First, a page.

Thanksgiving and Christmas are two of the most family-oriented holidays of the year. However, for some of us, they can be the loneliest times of the year. Holiday loneliness can emerge from a variety of factors—the absence of loved ones due to death, divorce, or deployment; employment or career choices that separate grandchildren from their grandparents; financial hardship and family disputes that trigger feelings of loneliness and hopelessness.
Loneliness is a lack of relational connectedness, especially during the holidays. Whether you are single or married, you can experience loneliness. Relational disconnectedness, whether you are shopping among hundreds of people in a crowded mall or entertaining in-laws while there’s unresolved conflict with your spouse, can overwhelm you with feelings of loneliness and send you into the pit of self-pity, bitterness, and depression.
The Great Escape
The popular advice in how to deal with loneliness is suppression or distraction. We are told to get our minds off of feeling lonely by doing something to escape it. We become amazing escape artists. Staying busy with many festive plans such as overspending on food, gifts, and entertainment distracts our minds from impending loneliness. Engaging in Internet chatter and anonymous liaisons with Facebook, Twitter, and YouTube temporarily keep us in a fog of denial.
Once the festivities end, the credit cards are maxed out, and our eyes and brain are fatigued from spending hours on the Internet, the feeling of loneliness falls on us like a wet blanket. After many failed escape attempts, we are faced with the undeniable reality that this thing is much bigger than we are.
The Greatest Gift
Loneliness is not an experience to shun or despise. It is a very real emotion that God uses for good in our lives. The purpose of loneliness is to draw us to God and to others in a godly way. Matthew 22:37-39 states, “And he said to him, ‘You shall love the Lord your God with all your heart and with all your soul and with all your mind. This is the great and first commandment. And a second is like it: You shall love your neighbor as yourself.’”
It is God alone who fills the void of loneliness with Himself and with others. We’re totally incapable of filling this void ourselves. Try as we might, we cannot make another person, thing, or activity satisfy our loneliness. It is God who first connects us to Himself and then brings the right human connectedness into our lives when He deems it time.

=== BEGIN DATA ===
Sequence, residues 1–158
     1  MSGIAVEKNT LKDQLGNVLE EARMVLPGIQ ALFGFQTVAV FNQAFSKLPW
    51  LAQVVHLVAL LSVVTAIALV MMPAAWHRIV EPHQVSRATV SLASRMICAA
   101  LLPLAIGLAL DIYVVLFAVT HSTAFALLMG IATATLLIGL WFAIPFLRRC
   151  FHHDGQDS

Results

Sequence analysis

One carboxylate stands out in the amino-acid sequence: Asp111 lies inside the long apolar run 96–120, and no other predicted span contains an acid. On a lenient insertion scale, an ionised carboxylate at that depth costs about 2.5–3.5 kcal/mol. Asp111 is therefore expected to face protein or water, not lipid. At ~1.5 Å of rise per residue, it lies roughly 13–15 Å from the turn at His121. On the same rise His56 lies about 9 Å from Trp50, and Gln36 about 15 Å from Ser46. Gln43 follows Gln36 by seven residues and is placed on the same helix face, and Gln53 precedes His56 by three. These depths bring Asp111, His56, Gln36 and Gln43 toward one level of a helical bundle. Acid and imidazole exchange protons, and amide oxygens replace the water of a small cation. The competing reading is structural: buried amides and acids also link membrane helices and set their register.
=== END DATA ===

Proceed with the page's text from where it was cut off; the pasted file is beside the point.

We see this in Genesis 2:15-24. In observing and naming the animals, God brought Adam to recognize that he was alone and that He needed a helper. God fulfilled Adam’s loneliness at the proper time and with the proper purpose. In the same way, God opens our eyes to the ache of loneliness to fulfill His purposes in our lives.
Loneliness Brings the Gospel to Life
Loneliness comes out of a lack of true companionship. It brings about feelings of emptiness and aloneness. Lonely people often feel unwanted. Where do the lonely people go? The Gospel of Jesus Christ is the cure for loneliness. We, as believers in Jesus Christ, are not alone in our loneliness. We identify with Him in our loneliness because He experienced loneliness. Jesus, the Son of God, “emptied Himself, by taking the form of a servant, being born in the likeness of men” (Philippians 2:7).
In His humanity, Jesus’ relationship to His Father was different. The closest connection and fellowship were suspended as He did the will of His Father on earth. Once His work was done, He longed for His close relationship with His Father to be restored. We get a peek into the deeply emotional heart of Jesus in John 17:5, when He said, “Now, Father, glorify Me together with Yourself, with the glory which I had with You before the world was.” Jesus longed for His pre-incarnate companionship He had with His Father.
Loneliness Draws Us to God
Jesus calls the lonely people into a fulfilling relationship with Himself. He promises that the one who comes to Him, He will not cast out (John 6:37). He died for us so that we can live in Him. The power of His resurrection swallows up our loneliness so that we can have the power to live and experience a deeply satisfying and fulfilling relationship with Him.
Loneliness Draws Us to Love Others
Loneliness exposes our need for loving relationships. Commitment to marriage, loyal friendships, and Christian fellowship and community would never happen without our capacity to feel lonely. God uses our loneliness to draw us into loving fellowship with others.
However, it must be pursued His way and not our way. To demand attention, love, or companionship from others is not loving your neighbor as yourself. Singles struggling with loneliness may use manipulation and deceit to get married. When this fails, they fall into self-pity and depression. Lonely spouses might look outside the marriage to fill the loneliness void, only to end up defeated and empty.
We learn from the Psalmist about what to do when we’re lonely. He turned to God for help in his loneliness; “Turn to me and be gracious to me, for I am lonely and afflicted” (Psalm 25:16). Then we wait for God to fulfill our loneliness; “God makes a home for the lonely” (Psalm 68:6). He is the source of all things. He brings the right relationships into our lives to satisfy our loneliness in His good timing.
Join the Conversation
Have you experienced holiday loneliness? Did you run to God or away from Him? Did God meet you in your loneliness?